Displaying all posts tagged with:

'Stephen Rantz'

Sep 08

Is High Point Ready for an Intergalactic Furniture Market? by Stephen Rantz

Posted to History Hindsights on September 8, 2023 at 11:21 AM by Tamara Vaughan

It is so hard to think back before for the Age of Star Trek, when movies about outer space weren’t quite so common, and they certainly weren’t their own specialized genre. At the time Orson Wells staged his famous radio broadcast, War of the Worlds, on 30 October 1938, science fiction movies were mostly about science experiments gone awry, plus a terrific assortment of monster flicks: from The Invisible Man to the all too visible Frankenstein. The High Point Enterprise didn’t even mention the Wells broadcast of the fictional alien invasion that caused public panic.

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Sep 01

Giving Credit: The High Point Credit Women’s Breakfast Club, Part 2 - Contributed by Stephen Rantz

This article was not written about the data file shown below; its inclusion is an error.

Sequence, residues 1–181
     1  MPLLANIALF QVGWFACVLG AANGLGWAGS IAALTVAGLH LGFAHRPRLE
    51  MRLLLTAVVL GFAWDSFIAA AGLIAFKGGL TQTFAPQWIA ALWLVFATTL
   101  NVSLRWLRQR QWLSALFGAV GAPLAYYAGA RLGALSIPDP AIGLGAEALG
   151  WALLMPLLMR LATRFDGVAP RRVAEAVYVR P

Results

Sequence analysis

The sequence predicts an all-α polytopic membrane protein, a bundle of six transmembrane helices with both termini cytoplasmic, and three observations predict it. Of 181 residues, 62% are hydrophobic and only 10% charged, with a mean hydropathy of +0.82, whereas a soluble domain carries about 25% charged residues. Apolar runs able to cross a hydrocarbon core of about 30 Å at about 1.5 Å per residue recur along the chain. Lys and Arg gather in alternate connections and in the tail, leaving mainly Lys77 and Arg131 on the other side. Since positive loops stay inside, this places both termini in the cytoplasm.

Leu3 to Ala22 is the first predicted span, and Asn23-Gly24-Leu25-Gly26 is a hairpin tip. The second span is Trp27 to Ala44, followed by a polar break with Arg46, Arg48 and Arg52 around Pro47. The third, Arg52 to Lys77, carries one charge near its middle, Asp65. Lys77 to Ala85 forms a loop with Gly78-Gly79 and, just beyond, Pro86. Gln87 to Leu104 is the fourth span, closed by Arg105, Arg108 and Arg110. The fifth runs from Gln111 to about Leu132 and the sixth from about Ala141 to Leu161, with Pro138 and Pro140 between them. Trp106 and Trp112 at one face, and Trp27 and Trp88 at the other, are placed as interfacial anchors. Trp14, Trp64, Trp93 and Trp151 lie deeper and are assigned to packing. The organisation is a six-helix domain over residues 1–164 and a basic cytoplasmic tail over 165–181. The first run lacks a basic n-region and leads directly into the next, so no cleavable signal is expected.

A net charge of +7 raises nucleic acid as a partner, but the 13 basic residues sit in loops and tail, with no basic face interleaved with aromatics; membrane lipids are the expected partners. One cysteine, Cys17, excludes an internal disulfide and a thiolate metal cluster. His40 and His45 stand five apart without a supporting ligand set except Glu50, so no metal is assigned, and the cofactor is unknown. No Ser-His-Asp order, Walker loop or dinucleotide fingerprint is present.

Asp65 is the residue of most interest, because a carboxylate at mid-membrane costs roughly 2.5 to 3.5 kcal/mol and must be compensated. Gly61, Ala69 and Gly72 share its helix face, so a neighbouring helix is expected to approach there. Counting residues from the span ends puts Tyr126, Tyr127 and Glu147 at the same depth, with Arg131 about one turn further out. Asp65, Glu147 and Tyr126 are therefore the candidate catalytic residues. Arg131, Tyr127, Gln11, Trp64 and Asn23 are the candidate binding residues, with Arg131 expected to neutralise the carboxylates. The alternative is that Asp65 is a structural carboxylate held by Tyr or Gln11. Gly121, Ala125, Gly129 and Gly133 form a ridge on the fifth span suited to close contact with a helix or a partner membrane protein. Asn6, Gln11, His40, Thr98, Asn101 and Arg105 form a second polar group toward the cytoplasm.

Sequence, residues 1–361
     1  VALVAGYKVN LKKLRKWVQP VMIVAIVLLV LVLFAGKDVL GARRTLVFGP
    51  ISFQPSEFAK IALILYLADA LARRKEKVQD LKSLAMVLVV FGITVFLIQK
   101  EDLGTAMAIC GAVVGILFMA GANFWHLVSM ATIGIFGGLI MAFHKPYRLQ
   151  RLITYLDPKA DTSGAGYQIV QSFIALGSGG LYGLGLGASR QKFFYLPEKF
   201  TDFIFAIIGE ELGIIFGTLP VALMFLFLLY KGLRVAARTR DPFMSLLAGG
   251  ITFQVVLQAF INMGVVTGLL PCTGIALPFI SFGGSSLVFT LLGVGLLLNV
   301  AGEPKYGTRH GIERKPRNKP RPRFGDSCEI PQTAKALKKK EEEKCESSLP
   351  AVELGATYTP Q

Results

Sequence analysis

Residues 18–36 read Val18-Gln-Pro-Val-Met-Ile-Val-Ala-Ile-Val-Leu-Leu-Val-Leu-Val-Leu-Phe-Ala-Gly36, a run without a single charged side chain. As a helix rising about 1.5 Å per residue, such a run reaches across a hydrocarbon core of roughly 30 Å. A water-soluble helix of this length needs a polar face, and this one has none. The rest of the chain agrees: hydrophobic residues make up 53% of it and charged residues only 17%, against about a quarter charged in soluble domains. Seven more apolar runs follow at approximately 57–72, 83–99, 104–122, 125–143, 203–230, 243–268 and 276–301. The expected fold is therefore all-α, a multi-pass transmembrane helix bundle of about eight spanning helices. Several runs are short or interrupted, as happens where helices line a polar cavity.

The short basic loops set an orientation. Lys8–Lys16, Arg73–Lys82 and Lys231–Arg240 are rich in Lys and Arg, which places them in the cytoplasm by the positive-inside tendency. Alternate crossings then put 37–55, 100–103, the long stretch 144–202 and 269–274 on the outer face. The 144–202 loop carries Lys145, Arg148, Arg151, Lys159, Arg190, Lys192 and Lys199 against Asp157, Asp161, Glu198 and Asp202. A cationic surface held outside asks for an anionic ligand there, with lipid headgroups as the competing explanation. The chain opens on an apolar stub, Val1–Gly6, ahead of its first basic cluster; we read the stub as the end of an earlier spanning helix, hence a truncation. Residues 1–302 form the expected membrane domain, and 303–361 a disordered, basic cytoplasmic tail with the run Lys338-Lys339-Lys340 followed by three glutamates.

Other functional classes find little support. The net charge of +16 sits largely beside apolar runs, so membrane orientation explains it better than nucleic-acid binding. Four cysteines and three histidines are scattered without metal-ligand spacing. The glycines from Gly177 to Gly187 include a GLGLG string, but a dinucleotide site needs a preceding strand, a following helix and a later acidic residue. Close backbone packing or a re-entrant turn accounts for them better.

Posted to History Hindsights on September 1, 2023 at 3:20 PM by Tamara Vaughan

In 1940, one out of four women in North Carolina worked outside of the home. World War II increased women in the workforce, and by 1950, one of every three women nationally were employed. North Carolina typically had a high number of women working outside the home: two of every three women in the state were employed in some capacity by 1950. Clubs like the Credit Women’s Breakfast Club provided working women opportunities for networking, leadership, continuing education, support, and fellowship.

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Sep 01

Giving Credit: The High Point Credit Women’s Breakfast Club, part 1 - Contributed by Stephen Rantz

Posted to History Hindsights on September 1, 2023 at 3:19 PM by Tamara Vaughan

Tucked away on a bottom shelf of the Heritage Research Center at the High Point Public Library is an oversized scrapbook entitled The Hi Points, 1957-1958. It documents one of the early years of the newly formed High Point Credit Women’s Breakfast Club and is packed with club minutes, photographs, credit announcements, convention and luncheon nametags as well as a cocktail napkin or two (sans lipstick). While the scrapbook’s glue has long since dried up and if you’re not careful, photographs will tumble into your lap, the assemblage still creates a full picture of the women who drove the local credit industry.

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